Prof. Eugene Demler’s Bio

Eugene Demler received a PhD in theoretical physics from Stanford University in 1998. He was a Junior Fellow in the Harvard Society of Fellows, became an assistant professor at Harvard in 2001 and a full professor there in 2005. In the Fall of 2021, he moved to ETH Zurich, Switzerland, as a full professor. In 2015, he was the winner of a Humboldt Research Award and became a Distinguished Scholar at the Max Planck Institute for Quantum Optics in Munich, Germany. In 2021 he received the Hamburg Prize for Theoretical Physics. His research focuses on understanding strongly correlated quantum systems, from electrons in solids to dilute atomic gases to photons. His work covers diverse areas, such as magnetism and superconductivity, many-body physics with ultracold atoms in optical lattices, nonlinear quantum optics, understanding light induced states of matter, and developing real world applications of NISQ devices.

Scheduled talks

Lecture I

Monday, January 9, 11-13, SMR
Waveguide quantum electrodynamics with many-body electron system

Abstract

In this talk, I will discuss the applications of cavity electrodynamics for controlling many-body electron systems. The focus will be on achieving strong coupling between cavities and collective excitations of interacting electrons at Terahertz and IR frequencies. As a specific example I will consider a cavity platform based on a two dimensional electronic material encapsulated by a planar cavity consisting of ultrathin polar van der Waals crystals. I will also discuss how metallic mirrors sandwiching a paraelectric material can modify the transition into the ferroelectric state. Finally, I will review a general question of theoretically describing ultrastrong coupling waveguide QED. I will present a novel approach to this problem based on a non-perturbative unitary transformation that entangles photons and matter excitations. In this new frame of reference, the factorization between light and matter becomes exact for infinite interaction strength and an accurate effective model can be derived for all interaction strengths.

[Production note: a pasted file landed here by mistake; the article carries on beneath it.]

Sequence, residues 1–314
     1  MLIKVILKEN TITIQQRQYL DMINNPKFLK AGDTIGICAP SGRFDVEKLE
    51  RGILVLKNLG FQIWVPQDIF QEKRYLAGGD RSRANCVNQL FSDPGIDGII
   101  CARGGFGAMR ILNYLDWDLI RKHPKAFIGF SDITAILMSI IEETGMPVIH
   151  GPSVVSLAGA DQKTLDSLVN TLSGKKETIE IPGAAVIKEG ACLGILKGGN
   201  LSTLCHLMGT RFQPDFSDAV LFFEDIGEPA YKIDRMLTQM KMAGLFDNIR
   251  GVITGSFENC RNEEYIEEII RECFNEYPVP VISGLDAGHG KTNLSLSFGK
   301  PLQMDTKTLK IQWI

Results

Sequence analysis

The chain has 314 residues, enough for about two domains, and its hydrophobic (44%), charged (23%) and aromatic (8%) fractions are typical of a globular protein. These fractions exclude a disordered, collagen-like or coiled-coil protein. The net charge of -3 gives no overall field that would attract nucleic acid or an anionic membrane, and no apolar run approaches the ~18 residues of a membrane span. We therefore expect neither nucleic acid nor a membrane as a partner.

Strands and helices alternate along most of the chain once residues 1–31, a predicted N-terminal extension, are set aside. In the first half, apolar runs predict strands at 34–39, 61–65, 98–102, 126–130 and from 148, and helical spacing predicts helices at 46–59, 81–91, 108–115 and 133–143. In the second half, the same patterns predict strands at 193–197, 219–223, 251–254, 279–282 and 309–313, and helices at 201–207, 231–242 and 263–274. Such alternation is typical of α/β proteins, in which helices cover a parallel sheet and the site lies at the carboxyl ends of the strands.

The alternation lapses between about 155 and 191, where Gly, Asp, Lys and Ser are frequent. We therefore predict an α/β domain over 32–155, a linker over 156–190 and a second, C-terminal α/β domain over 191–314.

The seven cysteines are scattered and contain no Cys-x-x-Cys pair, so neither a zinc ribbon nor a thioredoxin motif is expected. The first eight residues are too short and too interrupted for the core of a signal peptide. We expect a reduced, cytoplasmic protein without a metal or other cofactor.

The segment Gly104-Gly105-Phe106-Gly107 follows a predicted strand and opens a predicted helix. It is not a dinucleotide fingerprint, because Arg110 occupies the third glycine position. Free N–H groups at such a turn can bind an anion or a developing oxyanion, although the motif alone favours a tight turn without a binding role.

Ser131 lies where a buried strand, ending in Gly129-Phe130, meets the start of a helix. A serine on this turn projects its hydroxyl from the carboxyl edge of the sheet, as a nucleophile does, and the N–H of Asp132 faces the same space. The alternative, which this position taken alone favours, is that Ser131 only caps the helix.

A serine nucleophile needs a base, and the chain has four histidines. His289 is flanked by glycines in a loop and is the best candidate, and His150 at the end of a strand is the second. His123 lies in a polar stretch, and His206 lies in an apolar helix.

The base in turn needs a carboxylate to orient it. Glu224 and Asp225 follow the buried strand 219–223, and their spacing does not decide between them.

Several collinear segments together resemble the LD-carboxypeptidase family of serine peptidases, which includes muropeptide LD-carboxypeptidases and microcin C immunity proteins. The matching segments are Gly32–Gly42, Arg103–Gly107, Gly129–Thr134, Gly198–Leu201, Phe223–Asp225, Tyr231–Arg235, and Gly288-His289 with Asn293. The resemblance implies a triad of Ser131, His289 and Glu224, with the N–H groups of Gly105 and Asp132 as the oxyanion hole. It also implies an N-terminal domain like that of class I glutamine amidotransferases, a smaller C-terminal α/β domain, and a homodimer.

Lecture II

Tuesday, January 10, 10-12, BLR

Optical responses of photoexcited materials: from parametric amplification to photoinduced superconductivity

Abstract

Optical drives at terahertz and mid-infrared frequencies in quantum materials are commonly used to explore nonlinear dynamics of interacting many-body systems. Recent experiments have demonstrated several surprising optical properties of transient states induced by driving, including the appearance of photo-induced edges in the reflectivity, enhancement of reflectivity, and even light amplification. I will show that many of these unusual properties can be understood from the general perspective of reflectivity from Floquet materials, in which pump-induced oscillations of a collective mode lead to parametric generation of excitation pairs. This analysis predicts a universal phase diagram of drive induced features in reflectivity, which evidence a competition between driving and dissipation. I will argue that this mechanism explains several recent experimental observations, including photoinduced superconductivity in the pseudogap phase of high Tc cuprates.

Lecture III

Wednesday, January 11, 10-12, BLR

Quantum simulators: from the Fermi Hubbard model to quantum assisted NMR inference

Abstract

I will discuss recent progress of optical lattice emulators of the Fermi Hubbard model, specifically the new availability of snapshots of many-body states with single particle resolution. I will review new insights from these experiments on the properties of doped Mott insulators, including the demonstration of magnetically mediated pairing. I will also present the idea of using quantum simulators to perform inference of NMR spectra for biological molecules. I will review a recent experimental realization of this algorithm on a quantum computer using trapped ions. Prospects for scaling this approach to solving practically relevant problems will be discussed.
Lecture IV
Thursday, January 12, 10-12, SMR
Single-spin qubit magnetic spectroscopy of the correlated states of electrons
Abstract
A single-spin qubit placed near the surface of a material acquires an additional contribution to its relaxation rate due to magnetic noise created by the low energy excitations of the electron system. I will discuss how this noise can be used to investigate different types of electronic states, including superconductors, , ferro- and antiferromagnetic insulators, and spin liquid states.